Paul Theroux

Inflaming the Chinese

One Half of the Sky: A Selection from Contemporary Women Writers of China

By

William Heinemann 143pp £11.95 order from our bookshop

Modern Chinese literature is not in a particularly robust phase at the moment, but if you complain about this to an educated Chinese you will be told that, artistically, things haven’t been the same since the Tang Dynasty (618–907). That by common consent was the high point of Chinese culture. Mao Zedong was especially fond of the Tang poet, Du Fu, who lived in the Eighth Century. ‘China has no tradition of women’s literature’, Frances Wood says in her introduction to this book of Twentieth Century stories by Chinese women writers. But there is no shortage of stories about women, and indeed one of the most interesting is the pornographic classic, Jin Ping Mei, which has been banned in China since the Ming Dynasty (1368–1643).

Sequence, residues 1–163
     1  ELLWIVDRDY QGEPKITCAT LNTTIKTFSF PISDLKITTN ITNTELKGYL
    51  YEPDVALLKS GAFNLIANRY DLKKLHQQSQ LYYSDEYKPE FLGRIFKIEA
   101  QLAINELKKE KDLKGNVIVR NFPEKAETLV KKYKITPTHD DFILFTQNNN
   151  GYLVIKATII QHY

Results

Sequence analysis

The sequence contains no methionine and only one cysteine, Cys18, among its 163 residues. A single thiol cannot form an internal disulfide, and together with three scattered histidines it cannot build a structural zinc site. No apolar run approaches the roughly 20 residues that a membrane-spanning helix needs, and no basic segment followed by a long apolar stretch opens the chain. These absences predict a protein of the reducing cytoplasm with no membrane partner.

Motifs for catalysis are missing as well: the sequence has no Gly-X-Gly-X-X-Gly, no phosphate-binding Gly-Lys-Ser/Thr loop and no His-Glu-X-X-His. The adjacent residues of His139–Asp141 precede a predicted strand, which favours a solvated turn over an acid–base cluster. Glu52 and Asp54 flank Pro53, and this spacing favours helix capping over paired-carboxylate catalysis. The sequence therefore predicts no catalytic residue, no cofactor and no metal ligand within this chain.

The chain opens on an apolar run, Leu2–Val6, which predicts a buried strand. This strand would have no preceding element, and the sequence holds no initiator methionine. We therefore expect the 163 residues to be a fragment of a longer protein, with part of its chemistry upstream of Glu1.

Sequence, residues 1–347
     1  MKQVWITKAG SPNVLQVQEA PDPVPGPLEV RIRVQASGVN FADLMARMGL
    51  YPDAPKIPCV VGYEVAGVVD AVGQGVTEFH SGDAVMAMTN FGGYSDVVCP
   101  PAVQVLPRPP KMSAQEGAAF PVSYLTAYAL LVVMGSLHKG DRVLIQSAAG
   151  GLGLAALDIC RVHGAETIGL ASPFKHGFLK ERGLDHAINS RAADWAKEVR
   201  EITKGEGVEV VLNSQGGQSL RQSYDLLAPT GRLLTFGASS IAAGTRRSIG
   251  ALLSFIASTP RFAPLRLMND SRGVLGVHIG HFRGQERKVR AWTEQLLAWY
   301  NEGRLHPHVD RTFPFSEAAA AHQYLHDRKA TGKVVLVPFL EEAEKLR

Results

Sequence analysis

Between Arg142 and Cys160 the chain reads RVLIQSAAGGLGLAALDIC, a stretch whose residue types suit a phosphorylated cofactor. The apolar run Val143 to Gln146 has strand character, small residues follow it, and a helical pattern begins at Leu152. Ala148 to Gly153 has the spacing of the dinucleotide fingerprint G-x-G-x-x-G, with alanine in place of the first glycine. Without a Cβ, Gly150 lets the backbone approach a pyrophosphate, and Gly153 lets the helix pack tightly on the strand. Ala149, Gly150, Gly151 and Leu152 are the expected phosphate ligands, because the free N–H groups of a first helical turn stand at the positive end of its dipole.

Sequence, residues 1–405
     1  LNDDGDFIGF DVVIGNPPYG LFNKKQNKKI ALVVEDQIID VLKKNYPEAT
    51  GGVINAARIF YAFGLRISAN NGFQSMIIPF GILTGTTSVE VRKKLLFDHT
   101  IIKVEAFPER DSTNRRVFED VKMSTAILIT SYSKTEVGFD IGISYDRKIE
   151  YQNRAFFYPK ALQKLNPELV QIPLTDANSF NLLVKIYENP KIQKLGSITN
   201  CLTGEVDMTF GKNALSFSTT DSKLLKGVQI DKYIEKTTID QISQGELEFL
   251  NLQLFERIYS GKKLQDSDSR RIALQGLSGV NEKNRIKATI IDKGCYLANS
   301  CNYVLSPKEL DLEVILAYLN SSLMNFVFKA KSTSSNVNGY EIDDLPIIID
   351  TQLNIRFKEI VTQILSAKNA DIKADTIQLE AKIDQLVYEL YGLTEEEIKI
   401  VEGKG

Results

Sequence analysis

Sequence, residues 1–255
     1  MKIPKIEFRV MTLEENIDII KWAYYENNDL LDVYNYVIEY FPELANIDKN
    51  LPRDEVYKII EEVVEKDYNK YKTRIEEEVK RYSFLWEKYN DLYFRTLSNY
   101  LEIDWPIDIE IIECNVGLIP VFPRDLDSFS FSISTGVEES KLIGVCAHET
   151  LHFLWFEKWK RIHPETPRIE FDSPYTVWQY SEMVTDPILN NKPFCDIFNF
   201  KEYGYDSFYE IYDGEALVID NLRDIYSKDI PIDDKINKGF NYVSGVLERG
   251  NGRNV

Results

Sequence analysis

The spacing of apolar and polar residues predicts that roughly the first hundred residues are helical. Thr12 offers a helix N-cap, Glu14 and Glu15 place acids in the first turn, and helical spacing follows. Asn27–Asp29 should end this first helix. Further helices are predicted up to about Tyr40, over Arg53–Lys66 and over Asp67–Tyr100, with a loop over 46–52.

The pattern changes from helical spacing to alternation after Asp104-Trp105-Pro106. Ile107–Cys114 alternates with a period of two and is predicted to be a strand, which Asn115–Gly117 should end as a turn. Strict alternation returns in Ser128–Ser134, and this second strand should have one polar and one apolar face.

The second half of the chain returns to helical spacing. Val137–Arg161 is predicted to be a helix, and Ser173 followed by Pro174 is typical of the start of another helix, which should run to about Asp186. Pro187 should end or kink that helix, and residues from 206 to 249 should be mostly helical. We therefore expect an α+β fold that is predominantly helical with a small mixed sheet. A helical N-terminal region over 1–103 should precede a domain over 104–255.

Follow Literary Review on Twitter

  • Last Tweets

    • With our February issue about to go to press, enjoy a slice of LR history - Hilary Mantel on Joan Haslip's biograph… ,
    • What did London look like in the 6th Century? Rory Naismith's 'Citadel of the Saxons' tries to answer that questi… ,
    • Start your week with a dose of Russian Revolutionary zeal. Donald Rayfield reviews Tobie Mathew's 'Greetings From t… ,
    • A treat from the LR Archive: exactly 20 years ago, Malcolm Bradbury reviewed John Updike's 'Bech at Bay' ,
    • ‘When bullets come close, the noise they make as they go past changes from a zing to a crack’ John Lanchester's dy… ,
    • Man with a Bloody Paintbrush: Robin Simon on Lucian Freud ,
    • Jane Ridley reviews The Diaries of Kenneth Rose (ed. D R Thorpe) ,